When Ronald Perelman walks to his table at Michael's restaurant in New York, a server is usually right behind him with his diet soda at the ready.
"And, right behind that server," says general manager Steve Millington, "there's usually another server waiting in the wings with some green tea" just in case that's what Perelman wants that day.
There are many other reasons Michael's in midtown Manhattan has established itself as a "power restaurant" among New York's media and publishing elite--the round tables which facilitate intimate (and hushed) conversation and double-wide arm chairs, for starters.
But, says Millington, it's the intuitive service that, time and again, makes it the right place to close the deal.
"I see myself as a can of WD-40," he says. "I grease the wheels to make sure everything can happen as it should."
And so it was at Michael's that CBS head Les Moonves wooed Katie Couric to his network and that Warren Buffet forged his idea for charity lunches.
Lunch service here has been described as a "social chess match." Seating arrangements--front room or back room--are critical, which is why they usually go through several edits each morning. At daily 11:45 staff meetings, Millington lets people know what to expect in power "wattage" that day. Power brokers teeter between wanting to be seen and wanting to be left alone, and the staff at Michael's has been trained on how to negotiate that fine line.
"Sometimes we tell the kitchen to hold back on a dish, if we see that a conversation just got very intense," says Millington. "It can be daunting in here."
We scoured the country to find other restaurants that are magnets for politicos and publishers, developers and dot-comers, by talking to concierges, restaurateurs and executives.
Not surprisingly, in Washington, D.C., where legislation often happens over expense-account lunches, there are plenty to choose from, and most--The Palm, Morton's, Charlie Palmer Steak, The Capital Grille--fall into the steakhouse category.
That's because "power lunches aren't always about the food. They're about bonding or doing business or both," says Bret Thorn, food editor at Nation's Restaurant News. "Menus at steakhouses and chop houses, or places with the word "grille" in the name, are predictable and safe. You don't want your lunch derailed because your guest was put off by something like squid-ink foam."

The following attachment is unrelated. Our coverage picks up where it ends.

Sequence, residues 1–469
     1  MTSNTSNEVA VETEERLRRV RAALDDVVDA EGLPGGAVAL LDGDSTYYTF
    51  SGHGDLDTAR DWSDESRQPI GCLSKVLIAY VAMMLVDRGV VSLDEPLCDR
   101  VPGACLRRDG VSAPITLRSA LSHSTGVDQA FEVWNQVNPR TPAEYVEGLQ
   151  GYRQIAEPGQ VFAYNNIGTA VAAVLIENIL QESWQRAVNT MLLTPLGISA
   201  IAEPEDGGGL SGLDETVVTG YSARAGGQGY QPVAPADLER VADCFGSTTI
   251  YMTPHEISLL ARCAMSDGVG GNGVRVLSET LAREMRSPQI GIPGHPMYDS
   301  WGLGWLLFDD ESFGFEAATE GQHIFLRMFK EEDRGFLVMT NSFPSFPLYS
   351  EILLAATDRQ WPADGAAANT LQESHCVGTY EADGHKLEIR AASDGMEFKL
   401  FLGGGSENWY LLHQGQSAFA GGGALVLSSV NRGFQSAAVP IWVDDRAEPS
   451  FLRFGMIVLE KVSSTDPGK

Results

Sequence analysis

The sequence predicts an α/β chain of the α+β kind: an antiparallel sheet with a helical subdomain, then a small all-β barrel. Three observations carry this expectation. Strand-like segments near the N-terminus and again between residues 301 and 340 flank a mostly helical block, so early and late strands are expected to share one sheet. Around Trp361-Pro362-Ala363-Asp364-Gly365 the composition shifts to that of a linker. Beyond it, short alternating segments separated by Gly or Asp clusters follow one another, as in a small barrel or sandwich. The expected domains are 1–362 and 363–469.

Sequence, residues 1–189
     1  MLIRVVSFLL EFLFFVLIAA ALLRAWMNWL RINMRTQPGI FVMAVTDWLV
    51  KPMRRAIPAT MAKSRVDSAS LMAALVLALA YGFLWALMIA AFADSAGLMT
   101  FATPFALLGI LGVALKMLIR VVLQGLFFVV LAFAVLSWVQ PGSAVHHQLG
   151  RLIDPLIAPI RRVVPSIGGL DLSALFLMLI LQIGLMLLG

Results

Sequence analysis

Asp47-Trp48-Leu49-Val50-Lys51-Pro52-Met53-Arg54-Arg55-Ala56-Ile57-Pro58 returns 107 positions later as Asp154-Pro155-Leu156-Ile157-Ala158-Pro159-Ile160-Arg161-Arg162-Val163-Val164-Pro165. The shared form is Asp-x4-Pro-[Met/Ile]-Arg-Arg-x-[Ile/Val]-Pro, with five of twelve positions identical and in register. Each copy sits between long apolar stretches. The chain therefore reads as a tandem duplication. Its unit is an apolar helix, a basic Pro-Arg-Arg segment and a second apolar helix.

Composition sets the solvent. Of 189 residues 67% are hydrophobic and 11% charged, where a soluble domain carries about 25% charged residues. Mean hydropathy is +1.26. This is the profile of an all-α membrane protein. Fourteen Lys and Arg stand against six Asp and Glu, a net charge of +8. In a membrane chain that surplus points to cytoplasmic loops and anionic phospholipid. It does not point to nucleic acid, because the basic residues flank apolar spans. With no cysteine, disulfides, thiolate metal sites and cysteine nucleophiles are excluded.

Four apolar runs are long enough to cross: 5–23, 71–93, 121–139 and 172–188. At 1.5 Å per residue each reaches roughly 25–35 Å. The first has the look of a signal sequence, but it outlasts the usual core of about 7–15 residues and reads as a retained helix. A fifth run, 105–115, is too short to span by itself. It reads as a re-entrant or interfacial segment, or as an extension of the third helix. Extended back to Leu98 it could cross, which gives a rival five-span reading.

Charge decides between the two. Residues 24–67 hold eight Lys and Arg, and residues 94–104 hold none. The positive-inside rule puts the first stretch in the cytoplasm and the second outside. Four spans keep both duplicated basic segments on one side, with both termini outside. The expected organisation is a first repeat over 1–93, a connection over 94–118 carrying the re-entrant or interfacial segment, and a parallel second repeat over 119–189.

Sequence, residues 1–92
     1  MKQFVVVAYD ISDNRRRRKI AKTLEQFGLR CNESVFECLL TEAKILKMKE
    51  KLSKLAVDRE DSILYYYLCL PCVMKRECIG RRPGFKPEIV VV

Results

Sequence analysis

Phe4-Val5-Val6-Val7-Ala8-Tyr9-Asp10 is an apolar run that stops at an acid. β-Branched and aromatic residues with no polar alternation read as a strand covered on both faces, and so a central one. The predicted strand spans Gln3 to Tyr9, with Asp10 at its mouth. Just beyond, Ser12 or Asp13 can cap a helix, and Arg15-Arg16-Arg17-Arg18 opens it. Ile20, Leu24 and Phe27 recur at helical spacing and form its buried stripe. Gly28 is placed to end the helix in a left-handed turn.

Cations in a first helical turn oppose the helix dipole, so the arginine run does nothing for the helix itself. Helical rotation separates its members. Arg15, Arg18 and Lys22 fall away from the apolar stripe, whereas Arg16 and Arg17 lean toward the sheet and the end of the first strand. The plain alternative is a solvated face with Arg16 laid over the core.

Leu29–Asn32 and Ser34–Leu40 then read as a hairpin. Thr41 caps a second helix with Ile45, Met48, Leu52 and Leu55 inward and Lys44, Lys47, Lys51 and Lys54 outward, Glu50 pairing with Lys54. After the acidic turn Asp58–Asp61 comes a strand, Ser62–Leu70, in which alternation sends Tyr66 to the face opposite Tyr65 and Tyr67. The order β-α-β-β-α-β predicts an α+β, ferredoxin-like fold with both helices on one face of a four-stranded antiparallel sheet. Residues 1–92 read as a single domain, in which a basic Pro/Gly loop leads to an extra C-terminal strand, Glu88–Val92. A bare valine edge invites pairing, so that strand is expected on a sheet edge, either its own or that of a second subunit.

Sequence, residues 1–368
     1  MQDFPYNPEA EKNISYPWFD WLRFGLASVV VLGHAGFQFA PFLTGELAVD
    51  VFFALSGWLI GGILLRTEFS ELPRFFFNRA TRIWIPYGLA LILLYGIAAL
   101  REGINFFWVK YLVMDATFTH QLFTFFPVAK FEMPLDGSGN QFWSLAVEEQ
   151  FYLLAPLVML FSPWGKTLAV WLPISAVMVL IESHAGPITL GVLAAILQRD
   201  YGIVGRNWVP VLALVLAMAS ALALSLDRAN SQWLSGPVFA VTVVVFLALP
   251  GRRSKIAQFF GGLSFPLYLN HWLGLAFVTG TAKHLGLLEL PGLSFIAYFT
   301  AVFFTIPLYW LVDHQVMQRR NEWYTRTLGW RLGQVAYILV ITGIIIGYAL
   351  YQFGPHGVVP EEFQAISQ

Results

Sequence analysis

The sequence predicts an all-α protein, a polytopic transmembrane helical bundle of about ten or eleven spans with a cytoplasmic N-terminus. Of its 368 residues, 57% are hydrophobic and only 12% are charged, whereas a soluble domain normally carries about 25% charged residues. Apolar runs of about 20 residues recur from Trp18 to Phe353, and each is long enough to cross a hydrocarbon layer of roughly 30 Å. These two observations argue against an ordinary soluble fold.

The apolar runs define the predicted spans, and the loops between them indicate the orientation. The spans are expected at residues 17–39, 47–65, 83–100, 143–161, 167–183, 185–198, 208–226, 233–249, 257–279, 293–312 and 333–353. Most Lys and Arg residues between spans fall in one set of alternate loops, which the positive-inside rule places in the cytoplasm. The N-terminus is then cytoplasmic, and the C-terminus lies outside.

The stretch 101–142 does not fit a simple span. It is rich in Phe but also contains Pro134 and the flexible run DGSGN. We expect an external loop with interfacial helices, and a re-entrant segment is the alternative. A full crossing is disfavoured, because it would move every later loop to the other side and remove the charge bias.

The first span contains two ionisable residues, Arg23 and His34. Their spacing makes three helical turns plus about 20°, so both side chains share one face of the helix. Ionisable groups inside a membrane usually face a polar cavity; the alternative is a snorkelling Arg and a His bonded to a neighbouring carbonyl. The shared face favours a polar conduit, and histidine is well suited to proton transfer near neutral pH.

The appeal of the steakhouse "probably started as a macho thing," says Ted Swigert, general manager of The Palm in D.C., where lobbyists and media players have been back-slapping over baked potatoes for years. The three highly visible booths next to the bar are also a big draw.
Jamie Zambrana, general manager of Prime Blue Grille in Miami, the city's hot new power-dining spot, says they've updated the classic steakhouse concept. To start, all their steaks are organic, and the seven-month-old restaurant offers lots more options to accommodate the new breed of health-conscious movers and shakers.
Multi-billion-dollar real estate developer George Perez dines at the restaurant, which overlooks Biscayne Bay, several times a week, says Zambrana--and he always gets the un-macho "build-your-own" salad.
Tom Colicchio of Craft restaurants in L.A. and New York says healthier options are a big concern for Southern California's power elite, who power-lunch on a completely different pace. In New York, Colicchio says, financial types like to do business between bites and then dash.
At Craft L.A., which has positioned itself as the hot, new playground for those "in the business," largely due to its proximity to the Creative Artists Agency, movers and shakers tend to linger. "They like to eat first, then talk shop."
Sleek cabanas and sprawling booths make it easy for agents and their talent to get cozy.
In fact, some agents have been known to stay at the restaurant for over three hours--booking two lunch meetings back-to-back in the course of one afternoon.
"They meet with a client at 11:30, nibble on some food, "says Colicchio. "When the first client leaves, they step outside for some fresh air, then come back and do it all over again with the next client."
The restaurant's open layout with generously spaced tables makes it easy to be seen, but not heard.
Sometimes, complete anonimity is preferred.
That's probably why YouTube founders Chad Hurley and Steve Chen met Google co-founder Larry Page and CEO Eric Schmidt at a Denny's near San Bruno, Calif., when they sold their brainchild to Google for $1.65 billion.
Now that's a "grand slam" of a power lunch.